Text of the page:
Consumer research for older and disabled people

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Central-heating controls

The more control you have over your heating, the easier it is to save energy while staying comfortable. You can cut your bills by using central-heating controls to set when and how your house is heated. Here, we try to help you find the controls that will work best for you.

Contents

  1. Introduction (this page)
  2. Getting heating controls
  3. Product tests (2014)
    3.1 Programmers
    3.2 TRVs
    3.3 Room thermostats
    3.4 Programmable thermostats
    3.5 Online programmable thermostat
  4. Product tests (2004)
    4.1 Mechanical programmers
    4.2 Digital programmers
    4.3 TRVs
    4.4 Room thermostats
    4.5 Programmable thermostats
  5. Checklist
  6. Useful resources

You can also download this as a complete guide: Choosing central heating controls and saving energy (PDF). Or you can request printed publications by post (UK only).

For this guide in audio or braille formats contact:

Thomas Pocklington Trust (audio and braille guides)
Thomas Pocklington Trust (audio and braille guides)
Tel: 

020 8090 9268

Acknowledgements: This guide was produced by Rica with support from the Thomas Pocklington Trust.

Introduction

Central heating controls should at least let you set the room temperature and turn the heating on and off. They could also give you:

  • Time control: Setting different temperatures for different times (such as having a cooler house at night) or different days (for example, keeping it on longer at the weekend).
  • Zone control: Varying the temperature between rooms – useful if you have a spare room, for example. When choosing new controls, think about how much you want to spend.

Products in this guide cost from £15 to £200 but could pay for themselves eventually if they make your home more efficient. Think about how much control you want, too – do you want something you can adjust often, or would you rather set up a system and leave it?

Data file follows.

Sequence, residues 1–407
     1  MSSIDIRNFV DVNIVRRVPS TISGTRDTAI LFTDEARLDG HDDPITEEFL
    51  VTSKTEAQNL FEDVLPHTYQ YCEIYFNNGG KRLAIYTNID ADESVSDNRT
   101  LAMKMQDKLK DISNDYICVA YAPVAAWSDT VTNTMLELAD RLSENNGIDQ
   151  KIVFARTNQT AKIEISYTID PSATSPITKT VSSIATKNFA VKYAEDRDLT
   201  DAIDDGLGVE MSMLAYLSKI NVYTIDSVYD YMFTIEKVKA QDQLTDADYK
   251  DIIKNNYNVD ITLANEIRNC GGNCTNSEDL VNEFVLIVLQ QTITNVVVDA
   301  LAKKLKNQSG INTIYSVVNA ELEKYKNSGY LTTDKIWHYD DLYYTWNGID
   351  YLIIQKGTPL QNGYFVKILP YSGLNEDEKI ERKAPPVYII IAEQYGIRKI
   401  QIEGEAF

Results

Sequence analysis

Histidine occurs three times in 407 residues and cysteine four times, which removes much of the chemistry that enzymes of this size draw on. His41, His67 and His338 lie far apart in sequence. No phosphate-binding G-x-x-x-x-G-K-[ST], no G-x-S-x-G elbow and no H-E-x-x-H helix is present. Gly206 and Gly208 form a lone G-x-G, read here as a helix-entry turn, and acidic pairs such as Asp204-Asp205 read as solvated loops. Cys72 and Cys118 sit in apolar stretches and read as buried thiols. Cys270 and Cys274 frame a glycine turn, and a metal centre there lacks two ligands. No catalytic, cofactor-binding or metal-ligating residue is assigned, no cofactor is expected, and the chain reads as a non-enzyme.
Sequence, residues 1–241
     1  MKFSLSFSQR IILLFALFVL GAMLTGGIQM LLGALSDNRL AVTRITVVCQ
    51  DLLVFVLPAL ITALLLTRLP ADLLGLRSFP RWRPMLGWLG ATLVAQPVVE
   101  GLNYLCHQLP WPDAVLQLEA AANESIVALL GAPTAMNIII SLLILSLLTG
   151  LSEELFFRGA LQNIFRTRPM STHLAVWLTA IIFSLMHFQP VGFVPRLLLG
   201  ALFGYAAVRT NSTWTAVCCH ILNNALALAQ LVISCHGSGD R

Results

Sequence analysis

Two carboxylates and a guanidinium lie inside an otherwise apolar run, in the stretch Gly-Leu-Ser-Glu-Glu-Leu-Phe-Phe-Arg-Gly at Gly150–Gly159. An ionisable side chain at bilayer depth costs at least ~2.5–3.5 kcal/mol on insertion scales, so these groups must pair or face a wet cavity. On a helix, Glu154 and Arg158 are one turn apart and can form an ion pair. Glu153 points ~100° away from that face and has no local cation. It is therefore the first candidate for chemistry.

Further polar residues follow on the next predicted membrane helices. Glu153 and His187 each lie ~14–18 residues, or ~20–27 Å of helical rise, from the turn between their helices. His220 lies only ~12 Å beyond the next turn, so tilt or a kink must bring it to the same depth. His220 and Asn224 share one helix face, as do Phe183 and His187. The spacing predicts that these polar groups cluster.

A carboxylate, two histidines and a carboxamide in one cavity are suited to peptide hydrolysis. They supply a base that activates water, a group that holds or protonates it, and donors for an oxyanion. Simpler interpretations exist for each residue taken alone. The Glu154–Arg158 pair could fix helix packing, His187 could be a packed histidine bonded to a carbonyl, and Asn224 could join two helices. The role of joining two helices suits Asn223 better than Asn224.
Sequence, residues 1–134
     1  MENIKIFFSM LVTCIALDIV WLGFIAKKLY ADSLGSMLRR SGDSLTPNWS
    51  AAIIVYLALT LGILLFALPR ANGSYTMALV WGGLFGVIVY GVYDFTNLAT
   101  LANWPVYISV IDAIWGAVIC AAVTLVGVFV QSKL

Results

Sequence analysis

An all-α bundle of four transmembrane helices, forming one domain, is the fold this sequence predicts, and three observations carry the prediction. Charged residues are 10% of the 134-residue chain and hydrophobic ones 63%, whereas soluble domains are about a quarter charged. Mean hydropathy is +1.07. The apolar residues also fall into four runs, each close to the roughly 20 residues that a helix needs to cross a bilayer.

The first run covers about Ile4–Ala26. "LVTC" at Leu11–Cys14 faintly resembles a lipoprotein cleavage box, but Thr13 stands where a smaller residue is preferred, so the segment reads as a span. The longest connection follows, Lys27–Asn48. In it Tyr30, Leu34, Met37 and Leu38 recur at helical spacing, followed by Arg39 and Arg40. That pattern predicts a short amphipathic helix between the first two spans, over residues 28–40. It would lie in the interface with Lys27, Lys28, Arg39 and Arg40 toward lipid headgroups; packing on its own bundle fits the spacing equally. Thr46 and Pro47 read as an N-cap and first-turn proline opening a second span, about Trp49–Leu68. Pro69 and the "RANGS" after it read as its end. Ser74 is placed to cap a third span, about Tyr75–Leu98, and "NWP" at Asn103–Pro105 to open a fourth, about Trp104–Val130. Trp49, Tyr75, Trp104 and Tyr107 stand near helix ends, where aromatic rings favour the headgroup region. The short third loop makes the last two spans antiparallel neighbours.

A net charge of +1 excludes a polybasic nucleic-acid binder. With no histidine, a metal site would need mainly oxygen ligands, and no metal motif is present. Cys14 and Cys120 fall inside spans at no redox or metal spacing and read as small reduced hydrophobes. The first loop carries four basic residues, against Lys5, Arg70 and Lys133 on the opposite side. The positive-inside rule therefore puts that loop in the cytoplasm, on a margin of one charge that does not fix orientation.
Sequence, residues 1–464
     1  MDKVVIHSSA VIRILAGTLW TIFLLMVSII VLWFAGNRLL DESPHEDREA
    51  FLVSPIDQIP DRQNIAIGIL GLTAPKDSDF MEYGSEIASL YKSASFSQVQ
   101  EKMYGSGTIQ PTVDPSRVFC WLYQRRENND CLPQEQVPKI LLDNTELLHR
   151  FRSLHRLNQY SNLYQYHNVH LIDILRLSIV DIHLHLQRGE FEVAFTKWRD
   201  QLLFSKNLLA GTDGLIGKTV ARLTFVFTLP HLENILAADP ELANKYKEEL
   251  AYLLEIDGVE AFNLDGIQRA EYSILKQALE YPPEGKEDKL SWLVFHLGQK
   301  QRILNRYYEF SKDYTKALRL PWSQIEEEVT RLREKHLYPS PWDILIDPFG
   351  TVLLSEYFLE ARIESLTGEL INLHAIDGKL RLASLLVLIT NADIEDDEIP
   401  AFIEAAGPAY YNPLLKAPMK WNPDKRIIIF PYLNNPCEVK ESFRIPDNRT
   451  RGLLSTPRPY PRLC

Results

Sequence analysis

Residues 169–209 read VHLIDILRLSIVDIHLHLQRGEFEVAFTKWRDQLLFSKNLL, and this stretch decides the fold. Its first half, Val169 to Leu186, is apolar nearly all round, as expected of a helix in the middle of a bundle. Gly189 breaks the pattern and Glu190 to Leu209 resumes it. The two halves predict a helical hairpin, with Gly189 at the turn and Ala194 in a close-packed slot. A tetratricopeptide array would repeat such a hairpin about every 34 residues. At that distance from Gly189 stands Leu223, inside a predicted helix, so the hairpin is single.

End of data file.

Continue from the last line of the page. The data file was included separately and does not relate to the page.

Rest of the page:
Our research found that many heating controls are not well designed for people with sight loss. We review some controls that you might find easier to use and give advice on potential problems.

Types of central-heating control

Below is an overview of the main types of central-heating control and how they work. Follow the links to find out more about each type of control and read about the products we've reviewed.

Programmers

Programmers control the boiler. You can turn the boiler on or off, or have it follow a programme you’ve set on a timer. 

Thermostats

Thermostats let you choose what temperature you want your house to be. They will only work when the boiler is switched on. There are a few different kinds:

TRVs (thermostatic radiator valves) attach to radiators. You set your chosen temperature and they meet it by controlling how much hot water gets into the radiator. 

Room thermostats attach to the wall. You set your chosen temperature, and the thermostat tells the boiler to turn on or off to meet it. 

Programmable thermostats act like a room thermostat, but also let you programme temperature settings by time and day. We also reviewed a thermostat you can control online, from a computer or by using your smartphone or tablet. 

Our research on heating controls

The information in this guide is based on Rica's usability research. We selected and evaluated seven controls with features that we thought would be easy to use. 

The research involved:

  • evaluation of the controls' accessibility by a usability expert
  • usability testing with 12 participants who had sight loss
  • a focus group with 8 of the above testers

Our participants were aged between 21 and 64. Four had no useful sight and eight were partially sighted.

In 2004, we tested some other heating controls with people with sight and dexterity impairments. Included here are the ones that are still on the market. Note that The tests were carried out by different people looking at slightly different criteria, so the two can’t be directly compared. All prices listed are guide prices and may be subject to change.

We discussed our research on accessible heating controls with Peter White on BBC Radio 4's 'In Touch' programme on 18 February 2014. Listen to the 'In Touch' episode.

Test results: what we found

The products we tested were far from perfect, even though some were aimed at people with sight loss. Each product was awarded a score out of 5; the score reflects our testers’ views on accessibility rather than any test of performance.

The main problems were:

  • hard-to-read text
  • tactile markings that were oddly placed or hard to understand
  • buttons and switches that were difficult to use

Our testers wanted to have more control over their heating but not many of the products tested would work well for them.

You can also download this as a complete guide: Choosing central heating controls and saving energy (PDF). Or you can request printed publications by post (UK only). For this guide in audio or braille formats, contact:
Thomas Pocklington Trust (audio and braille guides)
Thomas Pocklington Trust (audio and braille guides)
Tel: 

020 8090 9268

Last updated: February 2014


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